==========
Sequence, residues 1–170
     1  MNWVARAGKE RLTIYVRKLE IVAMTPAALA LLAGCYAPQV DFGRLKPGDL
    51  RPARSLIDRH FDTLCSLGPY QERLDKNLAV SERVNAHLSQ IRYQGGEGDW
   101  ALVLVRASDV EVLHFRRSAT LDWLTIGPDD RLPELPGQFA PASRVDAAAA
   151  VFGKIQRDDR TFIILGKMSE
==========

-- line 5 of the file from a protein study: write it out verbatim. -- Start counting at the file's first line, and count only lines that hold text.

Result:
   151  VFGKIQRDDR TFIILGKMSE